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Subject:Re: Resumes, cover letters, and Web pages From:"Accentuated Brandname Creativity, Inc." <acreatyv -at- SATURN -dot- NET> Date:Wed, 5 Mar 1997 20:28:28 -0500
Maurice Rose wrote:
>Toronto's Globe and Mail newspaper published a style book in 1996,
>which included the following in an entry called "possessives":
[snip of no news]
>Well, now I know why the apostrophe in "two years' experience" looks
>so odd to me: I read the Globe every day on the way to work!
You don't have to be in or from Toronto.
Steve Jong wrote, in a post with which I agree otherwise:
>apply the same "harsh" standards to cover letters, though. Write that you
>have "four years experience" [sic] and you're in trouble.
That's very harsh, because this is not a clear-cut error, even though it may
have been considered one, say, a generation ago (at least in the US).
Style guides and dictionaries differ over what compounds should be open,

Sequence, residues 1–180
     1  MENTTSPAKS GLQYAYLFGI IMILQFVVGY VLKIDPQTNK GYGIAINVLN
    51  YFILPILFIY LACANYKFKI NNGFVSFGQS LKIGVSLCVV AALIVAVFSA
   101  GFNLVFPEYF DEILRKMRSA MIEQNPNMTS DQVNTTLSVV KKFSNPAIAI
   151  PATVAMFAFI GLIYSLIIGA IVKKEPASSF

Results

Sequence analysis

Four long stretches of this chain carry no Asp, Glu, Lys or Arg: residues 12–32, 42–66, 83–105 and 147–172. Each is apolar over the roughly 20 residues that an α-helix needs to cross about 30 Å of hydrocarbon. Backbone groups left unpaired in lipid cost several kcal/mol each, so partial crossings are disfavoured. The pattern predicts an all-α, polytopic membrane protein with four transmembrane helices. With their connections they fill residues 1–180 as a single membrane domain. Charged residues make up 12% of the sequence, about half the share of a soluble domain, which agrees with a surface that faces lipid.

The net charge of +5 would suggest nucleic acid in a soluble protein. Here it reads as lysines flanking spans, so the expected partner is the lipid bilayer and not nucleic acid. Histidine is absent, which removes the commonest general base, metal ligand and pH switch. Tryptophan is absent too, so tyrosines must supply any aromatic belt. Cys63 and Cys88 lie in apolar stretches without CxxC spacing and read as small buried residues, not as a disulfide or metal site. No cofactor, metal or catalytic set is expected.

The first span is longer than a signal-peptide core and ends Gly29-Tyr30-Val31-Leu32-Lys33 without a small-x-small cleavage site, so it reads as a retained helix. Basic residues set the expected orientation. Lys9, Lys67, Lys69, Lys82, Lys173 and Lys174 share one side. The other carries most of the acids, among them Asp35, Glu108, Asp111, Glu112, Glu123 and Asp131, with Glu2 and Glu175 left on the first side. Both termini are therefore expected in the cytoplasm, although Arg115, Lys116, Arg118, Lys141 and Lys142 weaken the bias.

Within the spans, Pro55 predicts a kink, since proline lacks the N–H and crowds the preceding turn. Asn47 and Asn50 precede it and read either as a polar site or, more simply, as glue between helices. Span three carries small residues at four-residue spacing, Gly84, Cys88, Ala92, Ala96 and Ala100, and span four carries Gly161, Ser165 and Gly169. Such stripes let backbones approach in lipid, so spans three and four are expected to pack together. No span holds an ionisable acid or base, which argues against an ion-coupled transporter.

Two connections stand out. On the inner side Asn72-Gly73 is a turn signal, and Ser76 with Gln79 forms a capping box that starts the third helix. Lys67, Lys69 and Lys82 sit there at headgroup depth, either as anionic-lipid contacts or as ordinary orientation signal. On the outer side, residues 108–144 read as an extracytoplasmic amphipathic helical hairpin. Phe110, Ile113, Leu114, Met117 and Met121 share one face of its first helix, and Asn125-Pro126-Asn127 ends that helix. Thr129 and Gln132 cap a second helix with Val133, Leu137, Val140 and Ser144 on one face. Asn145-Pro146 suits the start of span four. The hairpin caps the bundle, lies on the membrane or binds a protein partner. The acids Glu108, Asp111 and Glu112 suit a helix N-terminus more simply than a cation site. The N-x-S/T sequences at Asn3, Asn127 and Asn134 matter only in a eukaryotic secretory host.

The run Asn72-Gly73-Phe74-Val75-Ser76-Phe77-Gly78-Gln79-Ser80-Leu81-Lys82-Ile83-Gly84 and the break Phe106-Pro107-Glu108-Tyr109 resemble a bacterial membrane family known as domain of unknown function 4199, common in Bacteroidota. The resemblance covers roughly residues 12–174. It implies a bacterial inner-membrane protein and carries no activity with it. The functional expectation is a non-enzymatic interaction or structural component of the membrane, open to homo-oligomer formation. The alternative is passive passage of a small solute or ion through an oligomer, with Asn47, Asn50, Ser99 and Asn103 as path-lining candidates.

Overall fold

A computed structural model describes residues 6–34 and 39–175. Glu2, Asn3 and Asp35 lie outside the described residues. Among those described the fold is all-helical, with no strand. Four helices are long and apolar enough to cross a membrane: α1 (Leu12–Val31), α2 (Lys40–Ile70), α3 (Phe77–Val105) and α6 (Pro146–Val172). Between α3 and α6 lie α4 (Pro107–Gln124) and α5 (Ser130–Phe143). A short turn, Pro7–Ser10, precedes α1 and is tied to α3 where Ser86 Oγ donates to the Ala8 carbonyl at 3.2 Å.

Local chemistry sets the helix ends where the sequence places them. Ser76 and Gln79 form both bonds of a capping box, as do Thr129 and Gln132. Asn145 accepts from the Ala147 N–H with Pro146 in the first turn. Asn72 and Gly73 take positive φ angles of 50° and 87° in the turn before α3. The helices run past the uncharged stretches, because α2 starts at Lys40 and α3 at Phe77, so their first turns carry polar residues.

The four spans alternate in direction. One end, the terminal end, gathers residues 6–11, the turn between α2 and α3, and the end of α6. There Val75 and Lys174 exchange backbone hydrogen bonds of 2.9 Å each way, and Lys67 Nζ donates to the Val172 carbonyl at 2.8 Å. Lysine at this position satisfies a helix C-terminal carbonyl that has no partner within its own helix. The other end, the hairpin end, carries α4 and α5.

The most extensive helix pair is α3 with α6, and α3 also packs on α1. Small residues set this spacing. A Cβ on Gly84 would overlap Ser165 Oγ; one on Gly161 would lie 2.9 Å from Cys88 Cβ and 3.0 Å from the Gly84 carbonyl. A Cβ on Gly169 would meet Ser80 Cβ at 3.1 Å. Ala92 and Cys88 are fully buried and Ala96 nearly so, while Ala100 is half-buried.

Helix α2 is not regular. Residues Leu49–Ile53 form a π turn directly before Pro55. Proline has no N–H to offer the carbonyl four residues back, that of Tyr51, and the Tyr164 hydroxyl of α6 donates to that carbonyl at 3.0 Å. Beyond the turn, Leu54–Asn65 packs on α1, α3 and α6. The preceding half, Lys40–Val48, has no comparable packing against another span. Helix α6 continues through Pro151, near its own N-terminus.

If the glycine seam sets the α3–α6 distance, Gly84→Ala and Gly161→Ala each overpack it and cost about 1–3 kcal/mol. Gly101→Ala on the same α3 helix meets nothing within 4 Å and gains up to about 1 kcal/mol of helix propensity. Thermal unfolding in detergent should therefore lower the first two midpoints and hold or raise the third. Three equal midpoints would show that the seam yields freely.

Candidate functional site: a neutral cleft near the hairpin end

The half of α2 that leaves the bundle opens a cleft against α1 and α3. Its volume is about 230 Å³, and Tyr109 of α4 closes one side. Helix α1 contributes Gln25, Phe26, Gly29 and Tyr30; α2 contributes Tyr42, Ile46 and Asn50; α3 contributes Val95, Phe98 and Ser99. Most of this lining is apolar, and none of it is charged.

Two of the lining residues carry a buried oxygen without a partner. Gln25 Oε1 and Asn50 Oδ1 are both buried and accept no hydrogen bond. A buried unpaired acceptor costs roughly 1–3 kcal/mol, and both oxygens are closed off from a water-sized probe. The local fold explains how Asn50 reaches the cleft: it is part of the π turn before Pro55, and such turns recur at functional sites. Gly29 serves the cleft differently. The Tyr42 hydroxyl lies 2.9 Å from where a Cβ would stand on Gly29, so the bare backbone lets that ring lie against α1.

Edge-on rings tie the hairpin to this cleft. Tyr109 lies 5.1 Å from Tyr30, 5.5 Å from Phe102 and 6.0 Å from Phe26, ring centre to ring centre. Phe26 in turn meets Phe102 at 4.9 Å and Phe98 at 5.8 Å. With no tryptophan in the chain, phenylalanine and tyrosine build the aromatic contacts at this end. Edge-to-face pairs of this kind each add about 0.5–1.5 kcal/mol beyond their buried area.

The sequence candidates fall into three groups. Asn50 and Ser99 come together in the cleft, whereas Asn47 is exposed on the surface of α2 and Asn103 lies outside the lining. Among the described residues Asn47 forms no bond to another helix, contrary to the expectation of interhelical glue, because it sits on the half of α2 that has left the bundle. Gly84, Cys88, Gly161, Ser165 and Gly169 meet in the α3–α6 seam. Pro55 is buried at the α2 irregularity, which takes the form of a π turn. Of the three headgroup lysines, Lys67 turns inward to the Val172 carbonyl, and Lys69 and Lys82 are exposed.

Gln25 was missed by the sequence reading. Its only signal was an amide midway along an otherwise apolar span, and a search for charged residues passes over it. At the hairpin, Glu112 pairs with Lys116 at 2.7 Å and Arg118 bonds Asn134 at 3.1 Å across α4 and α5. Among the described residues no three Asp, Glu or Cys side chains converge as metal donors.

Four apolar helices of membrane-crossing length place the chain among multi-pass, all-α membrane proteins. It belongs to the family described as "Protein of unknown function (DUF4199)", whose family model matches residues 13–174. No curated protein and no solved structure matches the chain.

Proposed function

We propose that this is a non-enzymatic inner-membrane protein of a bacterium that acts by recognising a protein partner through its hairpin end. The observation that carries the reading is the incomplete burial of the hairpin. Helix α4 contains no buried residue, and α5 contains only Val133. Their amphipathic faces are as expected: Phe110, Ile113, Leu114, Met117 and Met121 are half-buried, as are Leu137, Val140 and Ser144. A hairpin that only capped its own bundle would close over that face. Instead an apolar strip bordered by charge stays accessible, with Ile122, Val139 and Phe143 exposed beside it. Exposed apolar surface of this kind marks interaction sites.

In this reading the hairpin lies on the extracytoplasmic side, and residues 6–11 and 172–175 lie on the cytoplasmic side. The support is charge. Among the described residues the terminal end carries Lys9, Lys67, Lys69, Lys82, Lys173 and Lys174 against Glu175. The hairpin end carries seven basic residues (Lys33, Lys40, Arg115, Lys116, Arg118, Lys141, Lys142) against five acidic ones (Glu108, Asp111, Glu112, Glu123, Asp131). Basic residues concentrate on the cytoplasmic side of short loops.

hyphenated or closed, over which spellings or meanings are archaic, over
what is yet a neologism, and over countless other matters. Certainly the
materials we're discussing are rife all too often with obvious errors, but
applying too strict a standard is bound to yield a great many "false
positives," with concomitant opportunity costs. Language usages (correct
or borderline, if not glaringly incorrect) are valid but imperfect predictors
of overall performance, and I'm sure there are plenty of people on the list
who have been credits to their employers after having made typos that went
uncaught or were forgiven. Let alone typos that weren't typos.
acreatyv -at- saturn -dot- net
"Cogito ergo assume". - K. Lew